Floaty suspension vs P85+

Floaty suspension vs P85+

Had the P85 for about 48 hours. Totally love it. Astonishingly fast. I could go on, but it would be repeating material oft posted here.

I had no idea what people meant about "floaty" suspension until I drove this car and hit the accelerator. It seems to veer a little right and then a little left. I guess I am getting used to it.

I definitely would have gotten the Performance Plus option for $6500 if I had known. It became available right as a placed my order, but nobody had more than the paragraph describing it, and the test drive I did was on a regular 85 which didn't feel as floaty.

I suspect I'll quit noticing the floatiness, or get used to controlling it, but coming from a Mercedes CLS 550, I do notice that.

Not to pick nits, I'm mostly wanting to know others' thoughts on the floatiness and their perception of it over time.


christurbeville | May 22, 2013

You have a bad bearing in your short link in the rear suspension I'd bet. Does it feel like you're wind wandering all the time? Does it pull up and left under throttle and down and right under regen? Can you change lanes to the left with just your right foot?:) Volkerize throttle yaw and axle nuts to find many discussions. Look up the edmunds suspension walk around.

christurbeville | May 22, 2013

Just realized you may have a fault on the other side so all my rights may be left and all my lefts wrong.

matt.wis | May 22, 2013

Ah. Thanks! It seems consistent with the pull on acceleration vs. regen. I bet what's happening is when I hit the accelerator hard, feel the drift one way, have the "mother of god" rush, and then let off the "gas" and regen pulls me back the other way.

Will research more.

ITSELE | May 23, 2013

Come on guys! It's a BRAND NEW CAR he's only had for 48 hrs. I had the same problem on my lowly MS 60 with 19" wheels and it scared the crap out of me. Your tires are brand new and they are slippery (tire experts feel free to chime in why this happens). Give it a couple hundred miles or less and the problem should disappear. If it's still present after a few hundred miles, then it's something else.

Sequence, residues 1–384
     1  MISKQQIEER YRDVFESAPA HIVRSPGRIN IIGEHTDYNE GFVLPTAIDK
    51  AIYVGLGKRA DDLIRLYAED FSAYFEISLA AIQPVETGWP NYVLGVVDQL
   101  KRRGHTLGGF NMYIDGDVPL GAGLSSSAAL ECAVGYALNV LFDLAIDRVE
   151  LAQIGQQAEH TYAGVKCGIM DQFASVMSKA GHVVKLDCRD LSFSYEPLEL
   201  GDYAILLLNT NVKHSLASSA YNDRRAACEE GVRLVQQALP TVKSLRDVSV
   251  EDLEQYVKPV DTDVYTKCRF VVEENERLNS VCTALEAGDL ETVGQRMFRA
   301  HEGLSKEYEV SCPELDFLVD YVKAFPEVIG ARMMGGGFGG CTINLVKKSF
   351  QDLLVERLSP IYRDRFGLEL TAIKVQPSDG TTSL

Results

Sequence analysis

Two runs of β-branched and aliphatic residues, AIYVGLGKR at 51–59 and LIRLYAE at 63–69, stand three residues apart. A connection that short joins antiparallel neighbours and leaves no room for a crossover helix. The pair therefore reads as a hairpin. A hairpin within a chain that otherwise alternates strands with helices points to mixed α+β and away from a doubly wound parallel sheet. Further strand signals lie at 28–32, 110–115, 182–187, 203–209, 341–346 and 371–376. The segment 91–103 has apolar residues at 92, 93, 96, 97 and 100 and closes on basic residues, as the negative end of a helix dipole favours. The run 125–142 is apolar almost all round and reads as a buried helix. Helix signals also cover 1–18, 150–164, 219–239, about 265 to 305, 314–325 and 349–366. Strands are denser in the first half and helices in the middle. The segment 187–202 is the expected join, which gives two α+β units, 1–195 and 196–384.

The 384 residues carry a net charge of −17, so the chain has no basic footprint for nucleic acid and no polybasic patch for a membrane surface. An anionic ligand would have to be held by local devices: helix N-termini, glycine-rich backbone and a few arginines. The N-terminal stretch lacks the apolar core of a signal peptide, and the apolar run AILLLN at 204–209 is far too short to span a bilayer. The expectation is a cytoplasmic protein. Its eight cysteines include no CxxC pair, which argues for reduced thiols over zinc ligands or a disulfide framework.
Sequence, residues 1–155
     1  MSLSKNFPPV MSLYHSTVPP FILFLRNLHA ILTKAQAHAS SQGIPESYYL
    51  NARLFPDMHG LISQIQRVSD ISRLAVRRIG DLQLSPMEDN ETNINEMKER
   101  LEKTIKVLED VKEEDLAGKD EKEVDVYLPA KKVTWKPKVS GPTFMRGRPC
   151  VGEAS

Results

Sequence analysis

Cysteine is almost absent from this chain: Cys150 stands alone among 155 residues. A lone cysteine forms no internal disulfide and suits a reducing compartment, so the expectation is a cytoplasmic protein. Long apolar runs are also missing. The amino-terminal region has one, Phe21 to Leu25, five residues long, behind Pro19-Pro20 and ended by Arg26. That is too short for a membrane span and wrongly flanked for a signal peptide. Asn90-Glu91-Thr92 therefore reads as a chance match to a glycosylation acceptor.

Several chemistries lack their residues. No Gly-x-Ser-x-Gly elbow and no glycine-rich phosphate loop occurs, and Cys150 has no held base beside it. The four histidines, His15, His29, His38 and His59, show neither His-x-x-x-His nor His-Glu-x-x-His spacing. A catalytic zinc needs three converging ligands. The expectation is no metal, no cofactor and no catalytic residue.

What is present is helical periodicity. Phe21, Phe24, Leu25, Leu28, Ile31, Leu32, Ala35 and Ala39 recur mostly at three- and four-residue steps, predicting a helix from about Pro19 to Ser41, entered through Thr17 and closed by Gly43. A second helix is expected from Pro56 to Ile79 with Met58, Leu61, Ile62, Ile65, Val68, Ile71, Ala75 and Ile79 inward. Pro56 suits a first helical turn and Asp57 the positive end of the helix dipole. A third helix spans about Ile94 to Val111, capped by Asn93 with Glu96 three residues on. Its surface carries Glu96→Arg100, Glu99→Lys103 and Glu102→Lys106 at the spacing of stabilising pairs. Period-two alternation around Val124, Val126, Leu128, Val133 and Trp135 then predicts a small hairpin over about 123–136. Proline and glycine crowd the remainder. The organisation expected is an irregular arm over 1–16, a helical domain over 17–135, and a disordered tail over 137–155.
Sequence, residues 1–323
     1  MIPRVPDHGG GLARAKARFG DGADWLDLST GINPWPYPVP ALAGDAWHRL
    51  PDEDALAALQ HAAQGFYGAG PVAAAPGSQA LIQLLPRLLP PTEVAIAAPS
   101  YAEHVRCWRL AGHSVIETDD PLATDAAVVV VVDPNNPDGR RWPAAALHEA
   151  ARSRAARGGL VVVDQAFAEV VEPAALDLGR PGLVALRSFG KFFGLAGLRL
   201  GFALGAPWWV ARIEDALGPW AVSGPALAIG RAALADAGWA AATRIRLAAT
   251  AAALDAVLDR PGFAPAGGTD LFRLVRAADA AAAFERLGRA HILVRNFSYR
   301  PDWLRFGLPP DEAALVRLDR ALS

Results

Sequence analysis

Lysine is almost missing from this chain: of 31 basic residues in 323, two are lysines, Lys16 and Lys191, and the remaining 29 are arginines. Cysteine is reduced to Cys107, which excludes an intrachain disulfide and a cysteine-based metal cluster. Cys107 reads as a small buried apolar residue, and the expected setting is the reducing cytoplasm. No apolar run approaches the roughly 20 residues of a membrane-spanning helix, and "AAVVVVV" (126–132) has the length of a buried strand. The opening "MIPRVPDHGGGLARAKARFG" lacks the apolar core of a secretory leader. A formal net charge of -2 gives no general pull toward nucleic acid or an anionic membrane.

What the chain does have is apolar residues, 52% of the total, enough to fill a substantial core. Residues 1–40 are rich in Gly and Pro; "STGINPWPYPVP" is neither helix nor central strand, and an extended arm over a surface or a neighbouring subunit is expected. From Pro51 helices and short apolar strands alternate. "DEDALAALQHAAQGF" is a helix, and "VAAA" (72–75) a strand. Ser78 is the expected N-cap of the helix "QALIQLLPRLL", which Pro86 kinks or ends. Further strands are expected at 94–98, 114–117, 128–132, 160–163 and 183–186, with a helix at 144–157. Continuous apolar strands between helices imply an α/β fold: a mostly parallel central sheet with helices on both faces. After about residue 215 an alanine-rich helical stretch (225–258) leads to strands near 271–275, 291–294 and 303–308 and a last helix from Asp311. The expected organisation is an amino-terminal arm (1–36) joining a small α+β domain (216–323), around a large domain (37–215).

lolachampcar | May 23, 2013

I drove a P85 with Continental tires for my test drive then they delivered mine with Pilots. The Pilots felt much better (which is probably one of the reasons they are used on the P+). I should really try to get together with a local P85 owner (and ideally a P85+) as compare the cars on the same day with multiple drivers. It might be useful to have some (non-professional) owner feedback as each of us would be very familiar with our own cars and sensitive to the slightest difference with the other's car.

matt.wis | May 23, 2013

My step brother does also have a Tesla 60, so that'd be a point of comparison. Thanks for the commentary.

Brian H | May 23, 2013

I forget. Which are the ones made in the Czech Republic?

christurbeville | May 23, 2013

Conties are Czech AFAIK.

rchiang | May 23, 2013

When I first drove the p85 on test drive I notice that already I even told the sale person. But they didn't have the p85+ at the time when I got my car on April. Other wise I would of gotten the plus. So there wasn't anything I could of done except for enjoy what I have now. Just wrong timing... At this point I'll wait for after market parts.

JaneW | May 23, 2013

I've driven 3 P85s. Each is a little squirrely in the back and floaty in the front if you jam your foot down. I've felt it from a standing start, from accelerating 35 to 75 and coming out of corners when pushing it a little. Easily cured by easing the accelerator on quickly rather than totally jamming down. But I still wish I had the bigger wheels and Michelins. P+ came out 3 days after they started my car and they wouldn't add it.

viranjit | May 23, 2013

Would you really notice the difference in daily driving?
I have learned to use progressive throttle application and don't find the suspension to be floaty on my P85 any longer.

I am curious about the driving intended by the P85+ car owners :-).


lolachampcar | May 24, 2013

I'm kinda funny about driving in that my butt likes to know what the tires are doing even if I am no where near pushing the car hard. I prefer an M5 over a 540 as a daily driver not because I will be drifting the boat around corners but because I simply like a car that responds much quicker.

If I had to guess, and this is only a guess, I would say that the bushings used in the initial production were readily available parts. Much stiffer bushings probably required development as they use the rubber annulus between the inner and outer bushing sleeves to take up the angular movement between the suspension arms and the upright. There was most likely a great deal of engineering and product qualification put into the stiffer bushing design to make absolutely certain that the fatigue life was good enough before putting them into production.

I base the above comments on the simple fact that a lot of people have taken issue with rear suspension lateral compliance. If we notice it, you better believe Elon and his crew noticed it and early on. I simply think the business reality of shipping product outweighed the desire to have the absolute perfect car on day one. Again, just a guess.

christurbeville | May 24, 2013